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The Grounding and History of the Country’s Most Controversial Symbol; the Confederate Flag

Vincent Gallo
Assistant Sports Editor

The topic of race has echoed ceaseless throughout America’s history. Today there is a constant struggle for justice, yet a furious storm has also accompanied the push for equality. In the center of all this fury rests one of the most controversial symbols in human history: the Confederate flag.

On Wed. March 30 Springfield College presented its 2016 Social Sciences Lecture in Judd Gymnasium by welcoming historian and educator Kevin Levin to campus where he delivered his presentation, “Unfurling the History and Meaning of the Confederate Battle Flag.”

Levin opened his talk with the case of the 2015 Emanuel Methodist Church shooting in Charleston, SC and the flag’s attachment to the perpetrator Dylann Roof. Published photographs displayed Roof with Confederate battle flags. “[It was] another taste of the flag being used in connection with racial violence,” said Levin.

Weeks later, when South Carolina grounded the Confederate flag, debates on whether the flag and statues dedicated to the Confederacy should be displayed in public.

Levin proceeded to delve into the Confederate flag’s origin. During the time between the 1850s and ‘60s, the single debate that was dividing America, was centered on racial relations. The origin of the Confederate flag is traced back to the time of the South’s secession in response to the North’s desire to abolish slavery in 1860. Thus, they created a flag to self-identify themselves: the crimson and blue, 13 starred St. Andrews cross that would be known as the national flag of the Confederacy. It became the symbol of defense for slavery and white supremacy. When the Civil War concluded, the South felt as though their way of life was destroyed, and believed that they were putting away their Confederate battle flags for a final time. They, however, were wrong.

The Confederate flag was indeed presumed dead, with little trace of the symbol, even during American reconstruction and rise of the infamous Ku Klux Klan. It was still a time of Southern resistance with the occasional Confederate soldier gatherings yet the emblem of the Confederacy was nowhere to be found.

The advent of the Confederate flag began during the 1940s, at Ole Miss football games. “The flag began to transform into something a bit more of a popular cultural symbol,” Levin said.

This peak of the flag’s popularity came at a pivotal point. Following World War II, America became a “beacon of democracy” which was rather ironic considering America was also one of the most segregated nations in the world. This drove Americans to push for more civil rights. The military was desegregated. The racial status quo began to be challenged. And the opposition down South began to intensify.

By the Civil Rights movement of the 1960s, the Confederate flag was once again everywhere, in attempts to oppose racial equality. “This is an example of how racism can spread,” said Levin. “Families teaching their children how to hate, and doing so by waving that flag.”

The Confederate flag does not dominate as much as it once did. South Carolina and other Southern states are losing money due to several companies and organizations such as the NCAA refusing to associate with any place where the flag still flies. Students who choose to wear Confederate attire are, as expected by today’s standards, harshly penalized. Yet there is no denying that there are hundreds of Confederate flags still flying throughout the country. The reality however, according to Levin, is that the South, being surrounded by a number of Confederate cemeteries still hold onto the loss of the Civil War, while North simply does not.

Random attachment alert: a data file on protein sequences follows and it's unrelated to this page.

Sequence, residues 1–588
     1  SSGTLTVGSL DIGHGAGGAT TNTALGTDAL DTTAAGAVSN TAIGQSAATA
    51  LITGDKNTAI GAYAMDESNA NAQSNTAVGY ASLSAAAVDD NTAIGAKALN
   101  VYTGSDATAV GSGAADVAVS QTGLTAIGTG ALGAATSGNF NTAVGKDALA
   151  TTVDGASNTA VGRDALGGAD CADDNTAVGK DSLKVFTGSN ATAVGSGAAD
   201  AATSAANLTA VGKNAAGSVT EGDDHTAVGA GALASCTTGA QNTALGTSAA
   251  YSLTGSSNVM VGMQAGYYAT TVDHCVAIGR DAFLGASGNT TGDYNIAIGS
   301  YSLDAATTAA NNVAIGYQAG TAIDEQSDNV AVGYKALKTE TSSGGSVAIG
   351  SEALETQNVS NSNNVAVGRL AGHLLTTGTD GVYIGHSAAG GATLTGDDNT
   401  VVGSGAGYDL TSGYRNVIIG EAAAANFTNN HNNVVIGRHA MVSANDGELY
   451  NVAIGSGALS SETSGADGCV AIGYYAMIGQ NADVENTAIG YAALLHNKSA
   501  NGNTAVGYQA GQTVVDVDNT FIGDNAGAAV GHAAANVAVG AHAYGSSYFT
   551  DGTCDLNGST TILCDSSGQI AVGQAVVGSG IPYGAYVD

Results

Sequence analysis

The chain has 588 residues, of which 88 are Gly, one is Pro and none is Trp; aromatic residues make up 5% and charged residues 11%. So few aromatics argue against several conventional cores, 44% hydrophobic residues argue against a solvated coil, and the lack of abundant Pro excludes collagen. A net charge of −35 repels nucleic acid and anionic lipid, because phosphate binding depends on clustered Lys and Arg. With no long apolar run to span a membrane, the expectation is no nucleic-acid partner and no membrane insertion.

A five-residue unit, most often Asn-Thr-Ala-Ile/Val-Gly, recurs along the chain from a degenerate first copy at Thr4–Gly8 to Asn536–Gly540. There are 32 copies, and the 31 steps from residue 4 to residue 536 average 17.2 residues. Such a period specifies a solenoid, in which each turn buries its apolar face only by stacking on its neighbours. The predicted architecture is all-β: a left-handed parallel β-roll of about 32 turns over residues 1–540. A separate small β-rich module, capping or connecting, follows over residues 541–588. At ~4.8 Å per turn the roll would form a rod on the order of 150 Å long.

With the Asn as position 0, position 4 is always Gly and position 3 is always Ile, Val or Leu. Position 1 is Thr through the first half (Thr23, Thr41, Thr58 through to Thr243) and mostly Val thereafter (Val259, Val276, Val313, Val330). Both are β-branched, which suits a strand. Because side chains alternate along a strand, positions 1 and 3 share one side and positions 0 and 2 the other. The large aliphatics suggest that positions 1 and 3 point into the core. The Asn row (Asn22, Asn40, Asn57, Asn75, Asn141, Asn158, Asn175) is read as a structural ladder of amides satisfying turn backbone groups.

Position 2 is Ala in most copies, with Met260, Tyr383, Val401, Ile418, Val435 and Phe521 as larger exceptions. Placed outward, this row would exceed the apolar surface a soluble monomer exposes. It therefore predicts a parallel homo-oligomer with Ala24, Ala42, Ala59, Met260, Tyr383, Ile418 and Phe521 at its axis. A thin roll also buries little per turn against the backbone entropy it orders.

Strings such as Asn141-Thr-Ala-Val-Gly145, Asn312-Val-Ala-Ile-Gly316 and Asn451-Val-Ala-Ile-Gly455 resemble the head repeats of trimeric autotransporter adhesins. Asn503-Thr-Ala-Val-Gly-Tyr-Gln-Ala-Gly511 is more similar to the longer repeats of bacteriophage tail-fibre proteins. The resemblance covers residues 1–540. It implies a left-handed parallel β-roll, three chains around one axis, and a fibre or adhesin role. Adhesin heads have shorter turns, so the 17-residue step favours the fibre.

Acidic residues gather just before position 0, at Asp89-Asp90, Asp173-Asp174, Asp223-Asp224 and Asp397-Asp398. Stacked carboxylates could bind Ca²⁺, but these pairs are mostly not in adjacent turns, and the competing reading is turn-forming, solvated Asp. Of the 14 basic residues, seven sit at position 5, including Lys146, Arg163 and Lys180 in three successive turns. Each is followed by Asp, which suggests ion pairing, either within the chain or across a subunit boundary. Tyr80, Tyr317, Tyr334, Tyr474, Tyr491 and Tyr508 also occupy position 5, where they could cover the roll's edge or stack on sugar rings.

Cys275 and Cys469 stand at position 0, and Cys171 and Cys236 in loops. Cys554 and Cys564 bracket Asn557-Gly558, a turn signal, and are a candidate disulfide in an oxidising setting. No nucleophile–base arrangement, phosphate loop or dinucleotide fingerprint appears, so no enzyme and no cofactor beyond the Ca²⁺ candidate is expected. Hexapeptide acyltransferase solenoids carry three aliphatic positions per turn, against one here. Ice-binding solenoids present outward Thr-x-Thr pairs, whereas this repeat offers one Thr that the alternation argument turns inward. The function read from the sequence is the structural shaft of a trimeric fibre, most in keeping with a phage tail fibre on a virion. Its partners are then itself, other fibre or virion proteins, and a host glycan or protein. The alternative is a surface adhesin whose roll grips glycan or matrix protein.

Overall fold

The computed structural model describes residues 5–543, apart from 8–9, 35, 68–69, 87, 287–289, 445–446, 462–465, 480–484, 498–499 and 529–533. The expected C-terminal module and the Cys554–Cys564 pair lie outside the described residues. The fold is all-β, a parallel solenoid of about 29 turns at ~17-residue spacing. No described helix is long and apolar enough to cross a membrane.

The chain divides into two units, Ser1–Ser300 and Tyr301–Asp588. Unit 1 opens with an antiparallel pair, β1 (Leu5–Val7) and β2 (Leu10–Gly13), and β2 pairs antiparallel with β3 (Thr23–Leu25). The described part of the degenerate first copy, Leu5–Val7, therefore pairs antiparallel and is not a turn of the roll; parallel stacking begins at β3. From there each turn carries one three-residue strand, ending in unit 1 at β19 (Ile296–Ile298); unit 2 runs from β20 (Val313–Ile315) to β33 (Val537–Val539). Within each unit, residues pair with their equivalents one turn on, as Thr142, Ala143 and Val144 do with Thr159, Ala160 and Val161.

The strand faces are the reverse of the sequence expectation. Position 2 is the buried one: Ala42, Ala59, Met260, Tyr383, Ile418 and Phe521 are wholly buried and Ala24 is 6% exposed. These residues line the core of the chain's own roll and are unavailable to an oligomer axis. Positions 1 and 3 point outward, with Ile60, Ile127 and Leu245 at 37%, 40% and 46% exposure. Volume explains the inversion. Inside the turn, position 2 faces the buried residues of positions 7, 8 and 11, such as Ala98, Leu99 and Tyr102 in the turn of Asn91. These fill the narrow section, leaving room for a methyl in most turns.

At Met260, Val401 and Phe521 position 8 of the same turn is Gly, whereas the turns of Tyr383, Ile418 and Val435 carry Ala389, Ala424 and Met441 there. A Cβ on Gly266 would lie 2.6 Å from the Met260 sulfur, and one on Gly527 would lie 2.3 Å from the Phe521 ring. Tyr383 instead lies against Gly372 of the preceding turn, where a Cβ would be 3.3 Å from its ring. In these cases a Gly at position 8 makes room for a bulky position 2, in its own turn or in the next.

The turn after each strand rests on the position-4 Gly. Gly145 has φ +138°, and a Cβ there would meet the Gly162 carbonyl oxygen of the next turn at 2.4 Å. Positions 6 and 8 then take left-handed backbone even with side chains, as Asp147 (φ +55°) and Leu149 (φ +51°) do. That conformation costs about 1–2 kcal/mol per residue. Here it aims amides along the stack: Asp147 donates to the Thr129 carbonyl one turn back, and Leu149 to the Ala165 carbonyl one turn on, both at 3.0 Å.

The most alarming trend however, involves the locations where the Confederate flag is cropping up. There have been instances of the flag being flown up North in states such as Massachusetts and Vermont.

Levin closed with the reality of the Confederate flag’s origin. “With the issue of race, the inability to come to terms with racism in this country [is a problem],” he said. “Whatever meaning you attach to [the flag], it [still] has a racist past.”

Springfield College’s Social Science professor Ian Delahanty thought highly of the lecture.

“It’s an ongoing debate and an ongoing issue that is still playing out,” he said. “Hopefully this talk [was] informative for people, so that they can appreciate the history of the debate that we are still having.”

He encouraged his Civil War/Reconstruction classes to attend the presentation.

“It [was] an opportunity for them to see how the history unfolded and to see that what happened 150 years ago is still being debated today,” said Delahanty. “Events of the distant past still continue to shape the way that we interact with each other.”

The Confederate flag will regrettably continue to stand as a symbol of present day opposition against the United States’ battle for racial equality, and as a grim reminder of our country’s unfortunate history of separation. But Levin says the further removed we become with the Civil War the less that symbolism will be expressed, and that the memory rather than the history will fade. With that being said, wherever a Confederate flag is grounded, there is great hope and belief that those flags will never fly again.


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